Sweet on frozen treats? GoodPop aims to please
Austin couple builds a business on Mexican-style frozen pops
Manuel and Laura Flores turned on the TV one Saturday afternoon two summers ago to watch one of their favorite shows.
This episode of "Mexico: One Plate at a Time," featuring chef Rick Bayless , showed viewers how to make frozen treats, Mexican-style.
The Floreses were instantly reminded of their childhood, they said. Both grew up in Texas border cities and made day trips to Mexico, where they'd stop at the "paleteria" for frozen treats made from fresh fruit juices and exotic flavorings.
Unable to find these same fresh pops in Austin, they decided to make their own from scratch for their family and friends.
Two years later, what started as a way to satisfy a craving has turned into GoodPop , an Austin company that sells Mexican-style frozen treats in area stores and via traditional pushcarts on the street.
"It's something we couldn't find locally," Manuel Flores said. "We could never find anything without high-fructose corn syrup."
The goal, they say, is to follow the path of other Austin homegrown food businesses that turned into commercial successes.
The couple started out making "paletas" in their home kitchen. After a month, they realized they were going to need more room to keep up with the demand. Two summers ago, the couple moved their company into commercial space on North Lamar Boulevard and dedicated more time to the business.
Manuel had quit his job as a landscape irrigation program manager at the Texas Commission on Environmental Quality to take care of their two children, and now they were taking on their dream of owning a small business. Laura Flores kept teaching third grade at Walnut Creek Elementary .
They gave the company a name, PopSoCools, and used an all-natural recipe to concoct unusual flavors, combining unlikely ingredients such as pineapple and basil or mango and chile.
Last summer, a chance visit from a graduate of the University of Texas McCombs School of Business, Daniel Goetz, changed the course — and the face — of the company.
Goetz came into the North Lamar store, their only location at the time, as a customer and liked the product so much, he wanted to take part in the business's growth.
"Mango chile is really what got me hooked," Goetz said. "It's just unbelievable. It blew my mind."
"They needed a new brand that was more representative of the product they had," Goetz said. "I wanted to make it an Austin brand. I wanted the people of Austin to fall in love with the product."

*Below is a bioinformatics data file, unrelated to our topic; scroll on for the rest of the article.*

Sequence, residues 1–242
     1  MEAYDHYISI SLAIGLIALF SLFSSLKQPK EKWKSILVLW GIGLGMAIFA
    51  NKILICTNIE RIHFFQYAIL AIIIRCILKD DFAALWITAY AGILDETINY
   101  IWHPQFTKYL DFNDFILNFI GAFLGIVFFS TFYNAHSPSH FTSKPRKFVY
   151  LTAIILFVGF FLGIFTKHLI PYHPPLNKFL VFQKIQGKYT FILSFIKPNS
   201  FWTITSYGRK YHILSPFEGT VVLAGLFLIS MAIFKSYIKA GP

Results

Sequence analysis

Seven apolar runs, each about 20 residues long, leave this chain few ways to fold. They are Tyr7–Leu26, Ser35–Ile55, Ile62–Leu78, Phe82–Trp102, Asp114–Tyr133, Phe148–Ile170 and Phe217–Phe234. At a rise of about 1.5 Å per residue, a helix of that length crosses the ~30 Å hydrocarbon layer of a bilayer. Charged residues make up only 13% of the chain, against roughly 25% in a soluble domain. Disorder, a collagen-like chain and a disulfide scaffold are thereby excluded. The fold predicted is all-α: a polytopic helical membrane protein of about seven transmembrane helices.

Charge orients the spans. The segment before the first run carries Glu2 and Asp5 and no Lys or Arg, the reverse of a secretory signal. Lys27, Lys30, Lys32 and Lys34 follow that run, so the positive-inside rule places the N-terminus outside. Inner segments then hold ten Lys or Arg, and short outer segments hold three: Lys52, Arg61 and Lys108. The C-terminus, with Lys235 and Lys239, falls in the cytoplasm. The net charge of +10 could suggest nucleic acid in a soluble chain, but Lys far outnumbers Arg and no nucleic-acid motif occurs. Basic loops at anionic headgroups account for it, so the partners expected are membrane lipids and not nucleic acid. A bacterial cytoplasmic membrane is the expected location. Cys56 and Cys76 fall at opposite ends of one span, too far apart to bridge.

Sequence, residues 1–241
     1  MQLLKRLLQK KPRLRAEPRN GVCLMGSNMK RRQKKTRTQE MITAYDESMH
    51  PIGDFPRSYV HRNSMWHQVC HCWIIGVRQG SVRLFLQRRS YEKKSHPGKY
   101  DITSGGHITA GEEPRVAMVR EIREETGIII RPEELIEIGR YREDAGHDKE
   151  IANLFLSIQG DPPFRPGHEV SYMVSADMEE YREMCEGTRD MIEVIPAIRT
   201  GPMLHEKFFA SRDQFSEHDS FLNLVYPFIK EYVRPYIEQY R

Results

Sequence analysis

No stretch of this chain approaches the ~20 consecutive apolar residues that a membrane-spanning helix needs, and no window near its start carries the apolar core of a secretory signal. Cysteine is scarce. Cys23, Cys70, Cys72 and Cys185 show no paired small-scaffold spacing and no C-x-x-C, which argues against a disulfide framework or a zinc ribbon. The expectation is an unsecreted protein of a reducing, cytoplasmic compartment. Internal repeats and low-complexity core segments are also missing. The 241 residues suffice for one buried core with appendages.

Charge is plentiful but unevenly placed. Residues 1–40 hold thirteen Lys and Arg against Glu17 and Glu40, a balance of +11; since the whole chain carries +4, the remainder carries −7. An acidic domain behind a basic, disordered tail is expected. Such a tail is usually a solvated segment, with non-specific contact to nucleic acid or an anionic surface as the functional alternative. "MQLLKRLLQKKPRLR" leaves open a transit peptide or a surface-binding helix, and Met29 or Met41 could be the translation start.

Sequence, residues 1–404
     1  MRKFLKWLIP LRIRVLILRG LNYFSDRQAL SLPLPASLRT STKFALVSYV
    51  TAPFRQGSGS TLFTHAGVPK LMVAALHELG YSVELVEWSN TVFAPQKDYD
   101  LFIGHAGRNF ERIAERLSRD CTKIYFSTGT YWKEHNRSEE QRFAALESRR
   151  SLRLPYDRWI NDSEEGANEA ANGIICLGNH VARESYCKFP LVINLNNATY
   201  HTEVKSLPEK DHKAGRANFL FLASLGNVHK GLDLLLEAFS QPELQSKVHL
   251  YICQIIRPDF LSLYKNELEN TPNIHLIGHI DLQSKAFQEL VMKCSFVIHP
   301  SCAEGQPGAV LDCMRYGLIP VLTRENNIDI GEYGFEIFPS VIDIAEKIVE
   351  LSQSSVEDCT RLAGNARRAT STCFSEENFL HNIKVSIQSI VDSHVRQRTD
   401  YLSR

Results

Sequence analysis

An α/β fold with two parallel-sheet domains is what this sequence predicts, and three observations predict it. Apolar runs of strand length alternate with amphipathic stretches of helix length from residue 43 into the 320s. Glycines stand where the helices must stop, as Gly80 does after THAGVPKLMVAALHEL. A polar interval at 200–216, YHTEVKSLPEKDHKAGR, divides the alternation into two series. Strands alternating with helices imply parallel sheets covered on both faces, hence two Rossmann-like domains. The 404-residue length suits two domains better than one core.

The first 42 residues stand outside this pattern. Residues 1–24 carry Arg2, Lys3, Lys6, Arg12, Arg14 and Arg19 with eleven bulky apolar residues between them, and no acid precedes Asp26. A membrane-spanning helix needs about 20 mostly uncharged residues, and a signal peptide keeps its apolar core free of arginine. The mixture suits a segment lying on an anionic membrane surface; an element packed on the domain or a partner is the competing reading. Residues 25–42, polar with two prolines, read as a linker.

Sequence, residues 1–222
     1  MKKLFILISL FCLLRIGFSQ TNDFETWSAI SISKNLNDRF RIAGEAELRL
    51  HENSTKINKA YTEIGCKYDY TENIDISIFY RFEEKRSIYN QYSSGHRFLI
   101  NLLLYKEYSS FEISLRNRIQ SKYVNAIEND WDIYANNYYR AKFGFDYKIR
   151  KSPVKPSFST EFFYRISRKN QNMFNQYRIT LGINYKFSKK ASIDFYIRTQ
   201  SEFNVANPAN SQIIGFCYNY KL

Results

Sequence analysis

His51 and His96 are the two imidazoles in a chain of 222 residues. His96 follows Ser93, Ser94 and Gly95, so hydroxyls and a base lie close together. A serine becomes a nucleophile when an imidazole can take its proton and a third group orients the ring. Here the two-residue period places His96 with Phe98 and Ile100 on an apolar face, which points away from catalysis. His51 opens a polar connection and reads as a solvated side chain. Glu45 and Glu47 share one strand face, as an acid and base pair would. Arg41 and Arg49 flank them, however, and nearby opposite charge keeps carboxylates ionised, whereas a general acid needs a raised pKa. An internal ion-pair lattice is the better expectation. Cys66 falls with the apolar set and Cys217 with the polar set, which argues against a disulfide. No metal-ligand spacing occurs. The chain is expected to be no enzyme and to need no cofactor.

Goetz, 23, now a co-owner of the company, came up with its current name and a colorful logo. There's a Facebook page and a Twitter account; a website is under construction.
The company started by making its presence known at First Thursdays, the monthly street fair on South Congress Avenue, and at the original Sunset Valley Farmers' Market.
"We really did our research on businesses like this that didn't do well," Manuel Flores said. "We studied why they went out of business and tried not to make those same mistakes."
From farmers markets, they wanted to work their way up to other local businesses, such as Whole Foods Market Inc.
They brought samples to both Austin Whole Foods stores, where managers have the latitude to choose some of the products the stores sell. GoodPop's products are now sold at the Whole Foods at the Gateway shopping center in Northwest Austin.
The pops are sold for $2.25 each in more than 20 Austin stores and restaurants, including Wheatsville Food Co-op, Royal Blue Grocery, Austin Java and Wahoo's Fish Tacos. There's a stand in the parking lot of Vinny's Ten-O-Three Cafe on Barton Springs Road.
This year, the company's first year operating full time, GoodPop has made about $24,000, which is what it made in total sales from June through December of 2009.
"It would have remained a small mom and pop had we not brought in Daniel," Manuel Flores said. "There's just no way that we could have reached so quickly the point we are at."
Manuel Flores and Goetz agreed that they want to build up local awareness of the company, by continuing their pushcart sales at festivals, concerts and other Austin events before mapping out more ambitious expansion plans.
With a production staff consisting of the Floreses and one other employee, along with two part-time retail employees, GoodPop is searching for another production space, Manuel Flores said.
"We'd like to be able to be in grocery stores and increase in distribution but still embrace our local market," Goetz said. "It's an Austin-grown product, and we see it being an Austin thing."
The company's local roots, as well as its tasty product, has helped it attract new customers, including Austin resident Mandy Reynolds.
"I'd much rather support GoodPop than Baskin-Robbins," Reynolds said. "I mean, it's all-natural."
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Clarification: The story should not have said that Daniel Goetz owns 10 percent of the company.